Dangerous Ages eBook

This eBook from the Gutenberg Project consists of approximately 190 pages of information about Dangerous Ages.

CHAPTER

   I. Neville’s birthday
  II.  Mrs. Hilary’s birthday
 III.  Family life
  IV.  Roots
   V. Seaweed
  VI.  Jim
 VII.  Gerda
VIII.  Nan
  IX.  The pace
   X. Principles
  XI.  That which remains
 XII.  The mother
XIII.  The daughter
 XIV.  Youth to youth
  XV.  The dream
 XVI.  Time
XVII.  The key

‘As to that,’ said Mr. Cradock, ’we may say that all ages are dangerous to all people, in this dangerous life we live.’

’Reflecting how, at the best, human life on this minute and perishing planet is a mere episode, and as brief as a dream....’

Trivia:  Logan Pearsall Smith.

CHAPTER I

NEVILLE’S BIRTHDAY

1

Neville, at five o’clock (Nature’s time, not man’s) on the morning of her birthday, woke from the dream-broken sleep of summer dawns, hot with the burden of two sheets and a blanket, roused by the multitudinous silver calling of a world full of birds.  They chattered and bickered about the creepered house, shrill and sweet, like a hundred brooks running together down steep rocky places after snow.  And, not like brooks, and strangely unlike birds, like, in fact, nothing in the world except a cuckoo clock, a cuckoo shouted foolishly in the lowest boughs of the great elm across the silver lawn.

Neville turned on her face, cupped her small, pale, tanned face in her sunburnt hands, and looked out with sleepy violet eyes.  The sharp joy of the young day struck into her as she breathed it through the wide window.  She shivered ecstatically as it blew coldly onto her bare throat and chest, and forgot the restless birthday bitterness of the night; forgot how she had lain and thought “Another year gone, and nothing done yet.  Soon all the years will be gone, and nothing ever will be done.”  Done by her, she, of course, meant, as all who are familiar with birthdays will know.  But what was something and what was nothing, neither she nor others with birthdays could satisfactorily define.  They have lived, they have eaten, drunk, loved, bathed, suffered, talked, danced in the night and rejoiced in the dawn, warmed, in fact, both hands before the fire of life, but still they are not ready to depart.  For they are behindhand with time, obsessed with so many worlds, so much to do, the petty done, the undone vast.  It depressed Milton when he turned twenty-three; it depresses all those with vain and ambitious temperaments at least once a year.  Some call it remorse for wasted days, and are proud of it; others call it vanity, discontent or greed, and are ashamed of it.  It makes no difference either way.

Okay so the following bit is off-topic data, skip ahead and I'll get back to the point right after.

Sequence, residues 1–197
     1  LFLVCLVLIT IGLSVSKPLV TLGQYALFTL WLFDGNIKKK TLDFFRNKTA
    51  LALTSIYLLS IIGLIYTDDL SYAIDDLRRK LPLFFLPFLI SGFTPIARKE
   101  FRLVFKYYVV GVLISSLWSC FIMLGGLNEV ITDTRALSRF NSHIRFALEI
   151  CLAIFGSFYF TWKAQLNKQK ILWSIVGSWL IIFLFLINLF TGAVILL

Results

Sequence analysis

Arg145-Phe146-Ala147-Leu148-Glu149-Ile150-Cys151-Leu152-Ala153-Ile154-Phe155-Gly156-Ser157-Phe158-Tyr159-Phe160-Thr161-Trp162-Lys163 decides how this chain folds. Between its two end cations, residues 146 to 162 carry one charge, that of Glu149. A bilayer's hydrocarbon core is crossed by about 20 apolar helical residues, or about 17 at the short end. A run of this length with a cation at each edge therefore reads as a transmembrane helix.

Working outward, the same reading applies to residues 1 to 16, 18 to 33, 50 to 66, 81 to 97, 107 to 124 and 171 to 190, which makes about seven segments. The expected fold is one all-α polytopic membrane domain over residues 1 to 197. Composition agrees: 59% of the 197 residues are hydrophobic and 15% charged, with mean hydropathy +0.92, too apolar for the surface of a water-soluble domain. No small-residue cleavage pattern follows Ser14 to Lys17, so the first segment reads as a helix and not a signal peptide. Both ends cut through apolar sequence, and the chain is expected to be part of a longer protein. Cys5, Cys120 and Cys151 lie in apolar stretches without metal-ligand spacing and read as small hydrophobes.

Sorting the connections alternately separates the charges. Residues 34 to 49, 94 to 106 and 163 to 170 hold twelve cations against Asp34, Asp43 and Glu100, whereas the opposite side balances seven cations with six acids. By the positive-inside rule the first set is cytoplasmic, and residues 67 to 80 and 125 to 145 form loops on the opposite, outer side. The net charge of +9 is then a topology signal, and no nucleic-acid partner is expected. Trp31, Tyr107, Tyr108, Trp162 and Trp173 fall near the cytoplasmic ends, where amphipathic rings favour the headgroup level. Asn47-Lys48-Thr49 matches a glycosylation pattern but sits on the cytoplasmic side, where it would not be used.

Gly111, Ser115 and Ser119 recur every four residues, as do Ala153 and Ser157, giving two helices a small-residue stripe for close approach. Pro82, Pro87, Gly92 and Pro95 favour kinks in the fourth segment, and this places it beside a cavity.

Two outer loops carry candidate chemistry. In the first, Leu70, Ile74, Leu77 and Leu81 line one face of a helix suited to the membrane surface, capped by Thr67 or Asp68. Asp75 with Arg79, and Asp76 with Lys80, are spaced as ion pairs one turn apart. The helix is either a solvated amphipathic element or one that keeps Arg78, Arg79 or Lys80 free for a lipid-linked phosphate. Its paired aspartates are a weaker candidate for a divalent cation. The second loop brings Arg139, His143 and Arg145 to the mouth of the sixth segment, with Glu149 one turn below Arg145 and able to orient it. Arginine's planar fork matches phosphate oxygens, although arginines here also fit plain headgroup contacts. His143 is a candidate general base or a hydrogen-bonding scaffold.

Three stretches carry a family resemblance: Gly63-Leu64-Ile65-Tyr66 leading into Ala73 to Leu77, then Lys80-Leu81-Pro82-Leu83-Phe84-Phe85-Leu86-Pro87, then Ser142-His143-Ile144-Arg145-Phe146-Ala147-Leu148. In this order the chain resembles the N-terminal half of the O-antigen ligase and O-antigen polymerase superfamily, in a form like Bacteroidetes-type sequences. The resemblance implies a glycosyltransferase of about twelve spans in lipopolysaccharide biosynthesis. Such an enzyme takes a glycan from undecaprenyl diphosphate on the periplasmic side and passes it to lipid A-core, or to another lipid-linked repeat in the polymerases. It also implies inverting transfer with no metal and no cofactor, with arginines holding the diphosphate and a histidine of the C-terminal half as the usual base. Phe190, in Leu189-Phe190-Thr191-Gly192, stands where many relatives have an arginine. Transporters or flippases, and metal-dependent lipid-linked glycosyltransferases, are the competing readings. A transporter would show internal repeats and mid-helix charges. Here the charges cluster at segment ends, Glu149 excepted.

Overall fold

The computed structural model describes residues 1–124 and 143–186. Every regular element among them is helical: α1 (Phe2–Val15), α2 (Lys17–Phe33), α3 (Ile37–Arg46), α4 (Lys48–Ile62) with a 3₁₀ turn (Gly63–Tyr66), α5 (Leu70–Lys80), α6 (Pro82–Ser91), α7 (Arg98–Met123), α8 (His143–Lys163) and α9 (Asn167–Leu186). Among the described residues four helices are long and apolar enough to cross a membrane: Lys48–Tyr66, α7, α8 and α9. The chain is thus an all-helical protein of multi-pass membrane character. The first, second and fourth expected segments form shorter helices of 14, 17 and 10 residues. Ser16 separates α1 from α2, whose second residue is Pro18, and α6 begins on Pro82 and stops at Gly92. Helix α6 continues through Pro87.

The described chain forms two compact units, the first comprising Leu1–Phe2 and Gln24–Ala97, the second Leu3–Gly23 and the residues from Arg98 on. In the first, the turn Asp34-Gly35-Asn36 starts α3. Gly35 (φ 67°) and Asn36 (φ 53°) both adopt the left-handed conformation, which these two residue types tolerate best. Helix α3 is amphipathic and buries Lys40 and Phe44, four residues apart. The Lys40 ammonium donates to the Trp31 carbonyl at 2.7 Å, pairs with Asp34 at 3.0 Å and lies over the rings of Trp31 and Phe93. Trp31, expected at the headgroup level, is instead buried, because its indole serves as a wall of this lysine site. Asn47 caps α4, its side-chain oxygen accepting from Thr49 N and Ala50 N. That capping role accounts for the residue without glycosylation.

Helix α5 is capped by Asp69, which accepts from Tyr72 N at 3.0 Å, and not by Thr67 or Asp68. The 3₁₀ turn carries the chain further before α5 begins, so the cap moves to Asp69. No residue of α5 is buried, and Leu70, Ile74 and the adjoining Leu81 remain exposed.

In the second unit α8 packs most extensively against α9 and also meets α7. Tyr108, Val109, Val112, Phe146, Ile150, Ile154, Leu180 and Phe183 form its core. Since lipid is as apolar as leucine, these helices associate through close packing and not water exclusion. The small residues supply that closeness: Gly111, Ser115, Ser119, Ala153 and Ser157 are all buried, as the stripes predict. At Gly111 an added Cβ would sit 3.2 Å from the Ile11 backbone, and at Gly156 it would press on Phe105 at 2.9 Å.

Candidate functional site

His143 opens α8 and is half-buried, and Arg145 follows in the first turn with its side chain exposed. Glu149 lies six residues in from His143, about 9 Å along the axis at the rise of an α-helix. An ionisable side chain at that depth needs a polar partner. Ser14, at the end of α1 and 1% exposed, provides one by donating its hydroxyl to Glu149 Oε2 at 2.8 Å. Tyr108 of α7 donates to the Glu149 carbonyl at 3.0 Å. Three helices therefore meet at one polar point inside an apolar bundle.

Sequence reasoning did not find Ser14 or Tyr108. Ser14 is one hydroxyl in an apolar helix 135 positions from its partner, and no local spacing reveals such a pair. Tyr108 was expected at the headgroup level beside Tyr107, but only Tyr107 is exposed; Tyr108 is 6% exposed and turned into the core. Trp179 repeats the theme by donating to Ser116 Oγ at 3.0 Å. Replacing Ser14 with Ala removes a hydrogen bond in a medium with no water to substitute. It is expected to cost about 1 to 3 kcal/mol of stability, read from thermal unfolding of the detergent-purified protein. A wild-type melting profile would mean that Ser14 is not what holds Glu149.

Neville, flinging it off lightly with her bedclothes, sprang out of bed, thrust her brown feet into sand shoes, her slight, straight, pyjama-clad body into a big coat, quietly slipped into the passage, where, behind three shut doors, slept Rodney, Gerda and Kay, and stole down the back stairs to the kitchen, which was dim and blinded, blue with china and pale with dawn, and had a gas stove.  She made herself some tea.  She also got some bread and marmalade out of the larder, spread two thick chunks, and munching one of them, slipped out of the sleeping house into the dissipated and riotous garden.

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Dangerous Ages from Project Gutenberg. Public domain.
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